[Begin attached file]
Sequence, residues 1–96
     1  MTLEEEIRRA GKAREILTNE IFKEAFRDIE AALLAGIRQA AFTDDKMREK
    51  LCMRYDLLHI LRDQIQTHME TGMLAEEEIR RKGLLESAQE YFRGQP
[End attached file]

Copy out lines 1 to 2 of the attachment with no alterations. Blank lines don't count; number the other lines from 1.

Sequence, residues 1–96
     1  MTLEEEIRRA GKAREILTNE IFKEAFRDIE AALLAGIRQA AFTDDKMREK